One "workaround" I came up with was to simply delete the side faces of the model entirely, and the issue goes away. This isn't ideal though and I'd much rather have a programmatic solution.
On the contrary, that IS ideal, because you are sending less data to the graphics card. You should only draw the sides of a tile when there is no adjacent tile on that side.
Anything I've read about z-fighting previously usually refers to 2 faces along the same plane having the issue
In your case, the z-fighting happens between the white side-face of a tile in the back, and the red front-face of the adjacent tile drawn in front of it. The reason is that the z-values (or "depth values") that are computed at the position of those white pixels for the two faces are equal. This is because the Z-values are stored as floating-point values in the Z-buffer, and the floating point rounding precision causes the two depth values to be the same.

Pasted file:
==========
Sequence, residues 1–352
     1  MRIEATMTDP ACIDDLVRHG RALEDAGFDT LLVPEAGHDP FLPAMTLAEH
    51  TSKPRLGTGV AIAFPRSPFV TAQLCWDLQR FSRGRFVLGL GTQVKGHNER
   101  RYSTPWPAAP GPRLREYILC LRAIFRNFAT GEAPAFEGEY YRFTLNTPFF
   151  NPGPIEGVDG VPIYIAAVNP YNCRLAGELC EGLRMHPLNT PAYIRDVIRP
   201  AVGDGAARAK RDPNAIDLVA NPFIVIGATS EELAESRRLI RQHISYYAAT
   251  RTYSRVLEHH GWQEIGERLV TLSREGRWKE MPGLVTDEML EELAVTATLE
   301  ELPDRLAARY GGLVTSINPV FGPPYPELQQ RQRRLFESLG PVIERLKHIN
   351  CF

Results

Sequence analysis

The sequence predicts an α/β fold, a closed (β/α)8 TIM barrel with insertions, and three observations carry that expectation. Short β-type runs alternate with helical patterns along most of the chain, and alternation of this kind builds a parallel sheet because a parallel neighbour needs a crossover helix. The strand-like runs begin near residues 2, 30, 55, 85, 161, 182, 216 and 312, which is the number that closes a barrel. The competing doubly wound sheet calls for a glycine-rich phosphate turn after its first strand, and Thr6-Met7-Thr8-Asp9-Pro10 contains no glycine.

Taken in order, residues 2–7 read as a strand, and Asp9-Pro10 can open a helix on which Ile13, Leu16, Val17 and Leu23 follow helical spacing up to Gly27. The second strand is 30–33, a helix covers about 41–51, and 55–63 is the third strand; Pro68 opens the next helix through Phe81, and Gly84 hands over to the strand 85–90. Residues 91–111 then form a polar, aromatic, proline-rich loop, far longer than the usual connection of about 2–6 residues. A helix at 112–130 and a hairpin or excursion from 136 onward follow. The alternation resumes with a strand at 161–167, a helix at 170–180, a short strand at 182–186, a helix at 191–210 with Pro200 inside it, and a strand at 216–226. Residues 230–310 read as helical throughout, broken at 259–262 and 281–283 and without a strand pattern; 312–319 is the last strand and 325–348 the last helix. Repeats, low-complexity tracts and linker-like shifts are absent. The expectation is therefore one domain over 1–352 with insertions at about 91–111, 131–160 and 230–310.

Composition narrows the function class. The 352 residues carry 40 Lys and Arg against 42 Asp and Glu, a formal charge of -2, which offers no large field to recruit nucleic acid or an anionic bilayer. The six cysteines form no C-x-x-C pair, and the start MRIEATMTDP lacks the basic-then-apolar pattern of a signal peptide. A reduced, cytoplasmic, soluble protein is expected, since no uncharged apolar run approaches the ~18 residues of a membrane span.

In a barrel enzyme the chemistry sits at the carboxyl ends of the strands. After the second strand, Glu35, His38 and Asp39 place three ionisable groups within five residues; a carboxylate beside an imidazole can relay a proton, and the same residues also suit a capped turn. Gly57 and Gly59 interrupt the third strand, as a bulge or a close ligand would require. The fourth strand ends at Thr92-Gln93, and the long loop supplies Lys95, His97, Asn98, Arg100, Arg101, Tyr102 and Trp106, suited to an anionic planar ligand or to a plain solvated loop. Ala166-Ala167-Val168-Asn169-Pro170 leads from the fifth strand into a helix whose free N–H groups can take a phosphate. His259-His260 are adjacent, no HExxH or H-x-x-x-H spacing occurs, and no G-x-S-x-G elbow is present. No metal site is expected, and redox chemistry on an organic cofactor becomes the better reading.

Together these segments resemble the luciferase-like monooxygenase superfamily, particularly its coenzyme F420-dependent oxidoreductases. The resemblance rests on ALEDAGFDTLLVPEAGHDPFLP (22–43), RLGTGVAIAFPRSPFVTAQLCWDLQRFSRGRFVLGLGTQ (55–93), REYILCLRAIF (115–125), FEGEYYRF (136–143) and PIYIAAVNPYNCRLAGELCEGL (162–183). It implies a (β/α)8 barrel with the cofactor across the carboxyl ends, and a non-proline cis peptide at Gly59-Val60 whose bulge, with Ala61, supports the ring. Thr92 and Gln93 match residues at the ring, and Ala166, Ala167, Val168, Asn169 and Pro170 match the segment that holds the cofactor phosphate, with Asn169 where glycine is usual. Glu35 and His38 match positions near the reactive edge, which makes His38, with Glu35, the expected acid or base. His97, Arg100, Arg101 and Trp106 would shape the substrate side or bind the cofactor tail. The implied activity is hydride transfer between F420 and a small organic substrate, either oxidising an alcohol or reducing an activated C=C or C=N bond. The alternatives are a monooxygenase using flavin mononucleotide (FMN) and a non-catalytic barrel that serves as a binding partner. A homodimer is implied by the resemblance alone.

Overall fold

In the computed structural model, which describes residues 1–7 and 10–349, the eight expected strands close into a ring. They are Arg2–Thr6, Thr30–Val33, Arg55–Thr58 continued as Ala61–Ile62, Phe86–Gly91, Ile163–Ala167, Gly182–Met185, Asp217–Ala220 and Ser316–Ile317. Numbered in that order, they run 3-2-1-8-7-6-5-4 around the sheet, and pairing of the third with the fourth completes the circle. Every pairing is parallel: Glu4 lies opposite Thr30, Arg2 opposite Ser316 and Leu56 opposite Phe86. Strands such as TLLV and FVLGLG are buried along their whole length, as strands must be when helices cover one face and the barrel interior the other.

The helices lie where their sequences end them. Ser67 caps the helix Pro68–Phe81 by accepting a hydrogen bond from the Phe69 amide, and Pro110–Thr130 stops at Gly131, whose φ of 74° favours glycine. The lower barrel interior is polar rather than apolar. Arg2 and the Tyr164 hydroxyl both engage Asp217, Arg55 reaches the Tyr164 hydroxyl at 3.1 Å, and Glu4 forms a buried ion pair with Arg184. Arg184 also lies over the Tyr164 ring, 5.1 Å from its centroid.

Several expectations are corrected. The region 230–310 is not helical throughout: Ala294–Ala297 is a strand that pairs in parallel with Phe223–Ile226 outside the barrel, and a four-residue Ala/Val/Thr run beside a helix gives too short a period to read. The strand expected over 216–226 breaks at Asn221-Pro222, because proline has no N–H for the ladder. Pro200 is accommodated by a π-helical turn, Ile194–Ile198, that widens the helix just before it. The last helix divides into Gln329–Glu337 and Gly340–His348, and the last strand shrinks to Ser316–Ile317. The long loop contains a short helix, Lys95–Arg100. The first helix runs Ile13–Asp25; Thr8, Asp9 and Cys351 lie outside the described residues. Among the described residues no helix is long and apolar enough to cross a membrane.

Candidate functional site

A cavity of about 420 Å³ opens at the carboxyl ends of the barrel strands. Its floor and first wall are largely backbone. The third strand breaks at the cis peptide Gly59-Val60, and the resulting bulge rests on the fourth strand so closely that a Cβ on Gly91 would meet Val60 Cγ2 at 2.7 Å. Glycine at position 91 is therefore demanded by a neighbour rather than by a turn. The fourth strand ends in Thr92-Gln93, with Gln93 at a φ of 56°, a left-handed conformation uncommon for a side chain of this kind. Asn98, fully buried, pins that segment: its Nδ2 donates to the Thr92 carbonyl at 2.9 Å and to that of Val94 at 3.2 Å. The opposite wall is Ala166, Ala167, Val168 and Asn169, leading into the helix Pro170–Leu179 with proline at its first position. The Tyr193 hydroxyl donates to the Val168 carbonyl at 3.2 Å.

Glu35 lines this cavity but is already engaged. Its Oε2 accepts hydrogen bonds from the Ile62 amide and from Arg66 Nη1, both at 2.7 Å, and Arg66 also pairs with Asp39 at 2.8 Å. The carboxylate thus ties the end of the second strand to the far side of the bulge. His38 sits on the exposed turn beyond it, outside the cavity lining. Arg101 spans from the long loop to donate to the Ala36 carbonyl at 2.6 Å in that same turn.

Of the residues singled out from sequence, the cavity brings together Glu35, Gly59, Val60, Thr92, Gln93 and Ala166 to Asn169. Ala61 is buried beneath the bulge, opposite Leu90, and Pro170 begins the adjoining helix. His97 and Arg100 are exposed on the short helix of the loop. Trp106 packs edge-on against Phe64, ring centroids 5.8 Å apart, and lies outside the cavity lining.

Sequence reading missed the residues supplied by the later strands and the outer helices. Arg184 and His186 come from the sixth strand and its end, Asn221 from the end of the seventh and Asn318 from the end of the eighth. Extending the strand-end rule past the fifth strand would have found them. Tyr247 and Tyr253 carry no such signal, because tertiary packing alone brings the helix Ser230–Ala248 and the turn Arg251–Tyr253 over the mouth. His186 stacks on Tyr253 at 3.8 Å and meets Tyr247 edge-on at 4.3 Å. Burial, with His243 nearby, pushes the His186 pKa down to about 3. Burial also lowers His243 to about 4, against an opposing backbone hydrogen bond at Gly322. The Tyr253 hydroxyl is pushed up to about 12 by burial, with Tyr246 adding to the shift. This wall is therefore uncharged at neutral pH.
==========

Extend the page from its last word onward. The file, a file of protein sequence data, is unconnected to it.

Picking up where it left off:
The issue might also go away if you draw all of the front faces first, then all the sides, but you probably also have to enable enable Z-bias (also called "depth bias") for it to work. But as I said before, there is no point in drawing hidden faces, unless you also want to enable some kind of transparency later on, in which case you will have other issues to deal with.
You could also try increasing the Z-buffer precision if you can (from 16-bit to 32-bit floating points), but that will only decrease the amount of z-fighting - it will not fix it permanently.
And you should also make sure that the near and far planes of your viewing frustum are not too far apart. The Z-coordinates that span the range from the near plane to the far one are all compressed into the [0.0, 1.0] interval when placed in the Z-buffer. So the farther away you put the far plane from the near one, the more "depth" has to be represented in the same amount of floating-point precision in the Z-buffer, leading to more Z-fighting errors.